|Norton says BLM revamping
its policies on rights of way - Tenth Circuit: That step follows an
appeals court ruling that favors Utah's definition of a county road on
October 20, 2005
By Joe Baird [email protected] or
The Salt Lake Tribune
90 South 400 West
Salt Lake City, Utah 84101
To submit a Letter to the Editor: [email protected]
Provo Canyon, Utah - Interior Department Secretary Gale Norton said
Wednesday that the Bureau of Land Management (BLM) is revamping its
right-of-way policies following a recent appeals court ruling that gives
deference to the state's definition of what constitutes a county road as
it crosses federal land.
Norton, who was in Utah County to present grants to Utah and Idaho water
districts and companies as part of her "Water 2025"
initiative, said that because the appeals process is still playing out,
it is still too early to draw any final conclusions about a September
decision by the 10th Circuit Court of Appeals that essentially broadened
the definition of a county back road.
But she also said that the Denver-based appeals court "laid out the
law in great detail. Barring more litigation, we will begin putting that
order into effect."
The 10th Circuit's ruling has its roots in a 1996 lawsuit in which the
Sierra Club and the Southern Utah Wilderness Alliance sued the BLM for
failing to prevent San Juan, Kane and Garfield counties from grading
routes across the Grand Staircase National Monument and other areas
conservationists had targeted for wilderness protection.
The counties claimed they were only maintaining existing jeep and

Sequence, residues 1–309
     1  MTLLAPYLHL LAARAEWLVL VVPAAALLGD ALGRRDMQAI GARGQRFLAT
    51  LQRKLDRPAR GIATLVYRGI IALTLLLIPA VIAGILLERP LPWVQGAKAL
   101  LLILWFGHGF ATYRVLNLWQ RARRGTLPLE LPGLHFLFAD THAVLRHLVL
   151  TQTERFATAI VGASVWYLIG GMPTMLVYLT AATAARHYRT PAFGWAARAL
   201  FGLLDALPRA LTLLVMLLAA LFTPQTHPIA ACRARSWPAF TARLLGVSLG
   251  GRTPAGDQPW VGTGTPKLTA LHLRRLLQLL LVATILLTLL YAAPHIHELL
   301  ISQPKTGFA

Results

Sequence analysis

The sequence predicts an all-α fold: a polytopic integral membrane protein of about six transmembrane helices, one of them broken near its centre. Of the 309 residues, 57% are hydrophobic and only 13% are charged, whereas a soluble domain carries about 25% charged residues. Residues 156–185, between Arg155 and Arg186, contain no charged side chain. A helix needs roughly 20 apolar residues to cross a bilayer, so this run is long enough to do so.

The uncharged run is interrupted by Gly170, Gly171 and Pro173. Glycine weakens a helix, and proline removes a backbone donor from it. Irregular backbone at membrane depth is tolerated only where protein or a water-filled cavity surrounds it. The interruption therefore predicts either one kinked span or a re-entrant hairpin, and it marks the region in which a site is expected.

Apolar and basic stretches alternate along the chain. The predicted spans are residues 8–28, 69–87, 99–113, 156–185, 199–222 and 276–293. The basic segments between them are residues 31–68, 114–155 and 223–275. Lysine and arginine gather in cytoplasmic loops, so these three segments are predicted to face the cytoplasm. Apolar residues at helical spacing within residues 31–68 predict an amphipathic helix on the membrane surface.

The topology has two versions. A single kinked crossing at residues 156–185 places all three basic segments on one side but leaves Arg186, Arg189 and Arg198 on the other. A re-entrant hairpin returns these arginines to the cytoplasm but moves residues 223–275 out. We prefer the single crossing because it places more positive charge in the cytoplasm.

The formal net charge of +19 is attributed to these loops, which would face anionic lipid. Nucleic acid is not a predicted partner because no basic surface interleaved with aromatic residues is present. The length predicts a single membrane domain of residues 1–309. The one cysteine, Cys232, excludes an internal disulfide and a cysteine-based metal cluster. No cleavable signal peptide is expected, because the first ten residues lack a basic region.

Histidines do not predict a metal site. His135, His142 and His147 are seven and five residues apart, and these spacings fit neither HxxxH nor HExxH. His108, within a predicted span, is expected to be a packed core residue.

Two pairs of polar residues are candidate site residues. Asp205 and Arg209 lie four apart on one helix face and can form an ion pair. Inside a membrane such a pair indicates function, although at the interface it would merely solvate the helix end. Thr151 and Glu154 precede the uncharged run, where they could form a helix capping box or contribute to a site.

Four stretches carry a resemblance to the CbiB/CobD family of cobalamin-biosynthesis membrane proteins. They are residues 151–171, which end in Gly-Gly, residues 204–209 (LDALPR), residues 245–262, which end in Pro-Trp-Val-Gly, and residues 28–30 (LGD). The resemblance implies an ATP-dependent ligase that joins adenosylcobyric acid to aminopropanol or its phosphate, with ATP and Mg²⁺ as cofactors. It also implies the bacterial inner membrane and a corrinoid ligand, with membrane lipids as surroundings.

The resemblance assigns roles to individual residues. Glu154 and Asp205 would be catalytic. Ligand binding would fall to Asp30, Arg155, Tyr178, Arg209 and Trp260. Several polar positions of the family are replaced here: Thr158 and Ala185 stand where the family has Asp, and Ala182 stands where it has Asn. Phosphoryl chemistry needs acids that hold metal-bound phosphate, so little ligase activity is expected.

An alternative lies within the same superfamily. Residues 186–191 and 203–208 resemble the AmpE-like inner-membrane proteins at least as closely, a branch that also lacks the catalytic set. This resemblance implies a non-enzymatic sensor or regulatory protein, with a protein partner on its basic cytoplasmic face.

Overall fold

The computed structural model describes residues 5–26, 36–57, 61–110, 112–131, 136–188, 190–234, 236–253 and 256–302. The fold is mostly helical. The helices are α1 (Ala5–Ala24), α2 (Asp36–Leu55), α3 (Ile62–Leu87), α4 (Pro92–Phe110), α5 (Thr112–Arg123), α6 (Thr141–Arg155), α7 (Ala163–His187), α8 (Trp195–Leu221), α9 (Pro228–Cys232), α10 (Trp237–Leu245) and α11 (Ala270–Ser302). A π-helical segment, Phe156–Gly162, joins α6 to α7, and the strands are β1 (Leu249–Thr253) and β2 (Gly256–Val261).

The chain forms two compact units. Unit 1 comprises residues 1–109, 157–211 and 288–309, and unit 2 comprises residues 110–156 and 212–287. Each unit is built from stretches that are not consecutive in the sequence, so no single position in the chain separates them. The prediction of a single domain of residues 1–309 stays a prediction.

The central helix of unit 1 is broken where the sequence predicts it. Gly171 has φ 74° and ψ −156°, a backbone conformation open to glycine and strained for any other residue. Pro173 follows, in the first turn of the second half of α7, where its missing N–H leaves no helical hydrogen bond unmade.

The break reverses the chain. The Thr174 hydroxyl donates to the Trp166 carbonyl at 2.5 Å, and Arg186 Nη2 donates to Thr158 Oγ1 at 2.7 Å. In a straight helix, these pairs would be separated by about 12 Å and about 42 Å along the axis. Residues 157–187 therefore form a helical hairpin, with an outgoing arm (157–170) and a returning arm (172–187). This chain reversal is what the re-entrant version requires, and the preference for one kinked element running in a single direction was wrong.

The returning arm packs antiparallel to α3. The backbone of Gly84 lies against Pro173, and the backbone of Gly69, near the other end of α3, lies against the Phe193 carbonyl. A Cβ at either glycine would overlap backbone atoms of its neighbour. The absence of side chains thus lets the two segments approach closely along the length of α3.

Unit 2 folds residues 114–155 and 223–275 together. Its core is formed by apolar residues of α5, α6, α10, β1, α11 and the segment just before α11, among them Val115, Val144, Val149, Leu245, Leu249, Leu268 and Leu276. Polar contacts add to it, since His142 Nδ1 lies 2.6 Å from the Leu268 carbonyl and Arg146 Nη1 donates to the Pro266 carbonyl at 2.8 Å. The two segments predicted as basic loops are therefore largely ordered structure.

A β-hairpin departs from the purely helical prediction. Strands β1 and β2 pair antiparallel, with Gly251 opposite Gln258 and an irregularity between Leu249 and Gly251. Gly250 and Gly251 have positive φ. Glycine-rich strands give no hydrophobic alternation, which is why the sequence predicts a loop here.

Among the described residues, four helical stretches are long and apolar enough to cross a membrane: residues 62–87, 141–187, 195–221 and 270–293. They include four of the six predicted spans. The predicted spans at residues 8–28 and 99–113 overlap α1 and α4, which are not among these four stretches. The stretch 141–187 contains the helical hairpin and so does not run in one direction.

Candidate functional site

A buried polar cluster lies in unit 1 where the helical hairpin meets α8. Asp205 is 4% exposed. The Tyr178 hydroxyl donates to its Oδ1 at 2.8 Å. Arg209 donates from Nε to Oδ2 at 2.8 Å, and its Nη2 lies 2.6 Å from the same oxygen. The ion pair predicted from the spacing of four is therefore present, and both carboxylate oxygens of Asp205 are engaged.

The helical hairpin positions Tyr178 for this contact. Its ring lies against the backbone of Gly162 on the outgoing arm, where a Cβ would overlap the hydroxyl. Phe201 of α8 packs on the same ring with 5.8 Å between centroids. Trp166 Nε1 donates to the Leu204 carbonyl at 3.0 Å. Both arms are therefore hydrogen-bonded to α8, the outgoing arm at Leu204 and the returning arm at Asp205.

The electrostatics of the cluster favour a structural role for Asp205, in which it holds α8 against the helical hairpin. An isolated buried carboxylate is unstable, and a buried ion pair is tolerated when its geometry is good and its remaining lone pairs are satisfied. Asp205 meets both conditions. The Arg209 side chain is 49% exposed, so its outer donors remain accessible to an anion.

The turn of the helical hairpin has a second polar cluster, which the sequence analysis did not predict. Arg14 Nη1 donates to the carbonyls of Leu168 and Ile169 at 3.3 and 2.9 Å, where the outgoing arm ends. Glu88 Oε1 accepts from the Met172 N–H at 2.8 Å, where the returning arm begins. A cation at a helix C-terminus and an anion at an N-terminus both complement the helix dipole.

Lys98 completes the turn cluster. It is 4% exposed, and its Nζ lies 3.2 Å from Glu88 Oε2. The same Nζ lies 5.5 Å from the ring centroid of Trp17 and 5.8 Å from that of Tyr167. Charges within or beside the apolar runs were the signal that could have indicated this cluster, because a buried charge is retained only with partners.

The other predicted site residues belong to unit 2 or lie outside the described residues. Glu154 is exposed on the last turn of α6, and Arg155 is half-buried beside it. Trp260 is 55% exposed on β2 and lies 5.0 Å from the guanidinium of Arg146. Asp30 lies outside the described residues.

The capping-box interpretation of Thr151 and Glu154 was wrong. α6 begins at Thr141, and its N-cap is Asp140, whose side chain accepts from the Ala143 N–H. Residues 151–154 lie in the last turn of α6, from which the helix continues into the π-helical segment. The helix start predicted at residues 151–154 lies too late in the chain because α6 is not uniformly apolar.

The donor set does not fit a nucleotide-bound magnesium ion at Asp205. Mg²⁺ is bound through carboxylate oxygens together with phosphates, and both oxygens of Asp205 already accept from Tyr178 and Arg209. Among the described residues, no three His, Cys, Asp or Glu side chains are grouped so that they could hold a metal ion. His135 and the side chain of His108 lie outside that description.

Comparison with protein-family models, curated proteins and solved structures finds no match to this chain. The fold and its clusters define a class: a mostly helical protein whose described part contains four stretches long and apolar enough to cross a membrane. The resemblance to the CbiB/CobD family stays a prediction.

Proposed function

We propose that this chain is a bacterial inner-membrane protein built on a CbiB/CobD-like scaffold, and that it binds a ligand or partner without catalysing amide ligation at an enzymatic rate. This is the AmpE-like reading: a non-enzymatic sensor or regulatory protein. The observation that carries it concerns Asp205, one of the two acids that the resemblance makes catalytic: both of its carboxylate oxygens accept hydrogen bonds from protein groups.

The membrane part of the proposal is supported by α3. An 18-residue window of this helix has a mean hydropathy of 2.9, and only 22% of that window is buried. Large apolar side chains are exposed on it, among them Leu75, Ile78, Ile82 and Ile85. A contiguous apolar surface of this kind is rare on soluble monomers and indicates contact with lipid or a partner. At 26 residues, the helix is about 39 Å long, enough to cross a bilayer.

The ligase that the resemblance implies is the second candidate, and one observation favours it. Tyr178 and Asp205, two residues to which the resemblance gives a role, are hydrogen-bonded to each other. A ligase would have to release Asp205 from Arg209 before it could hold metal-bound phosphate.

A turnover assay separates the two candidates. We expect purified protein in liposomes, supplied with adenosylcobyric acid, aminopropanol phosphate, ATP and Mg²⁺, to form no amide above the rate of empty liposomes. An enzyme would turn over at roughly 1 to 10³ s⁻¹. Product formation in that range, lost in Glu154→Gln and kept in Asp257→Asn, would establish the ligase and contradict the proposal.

mining roads under RS2477, an 1866 law which granted rights of way
across federal land.
The statute was repealed in 1976, but existing roads were
A district court ruled that the county's road claims did not meet the
BLM's criteria requiring proof of destination or evidence of
"purposeful" and "mechanical" construction.
But the appeals court rejected those requirements in favor of Utah
law, which requires that local governments only prove that a road has
been in "continuous use" for 10 years.
Norton said she welcomed the decision insofar as it laid out some clear
markers for the BLM to follow.
"It's important to understand what the rules are. To the extent
that we now have clarity on those rules, it's beneficial," she
Less clear is the fate of a memorandum of understanding (MOU) Norton
signed in 2003 with then-Utah Governor Mike Leavitt.
Under the agreement, Utah was to submit road claims to the BLM for
what was supposed be a relatively quick approval process.
But two of the original six claims have been challenged by
environmental groups, and the agency has yet to clear the others.
The 10th Circuit's decision "may change the legal background of
[the MOU]," Norton said.
"But the purpose of it was to resolve these road claims
peacefully, without litigation. That's still the goal."
The state and its counties have five pending lawsuits against the
Interior Department over road claims.
Following the 10th Circuit's ruling, the state unveiled a new
initiative directing the counties to identify, record and map their back
roads in order to claim them.
Governor Jon Huntsman Jr., who appeared with Norton on Wednesday, said
the new initiative will be challenged.
"I would not be surprised if something comes up in this [appeals]
period," he said. "We're just going to have to wait and see
what happens next."
Copyright 2005, The Salt Lake Tribune.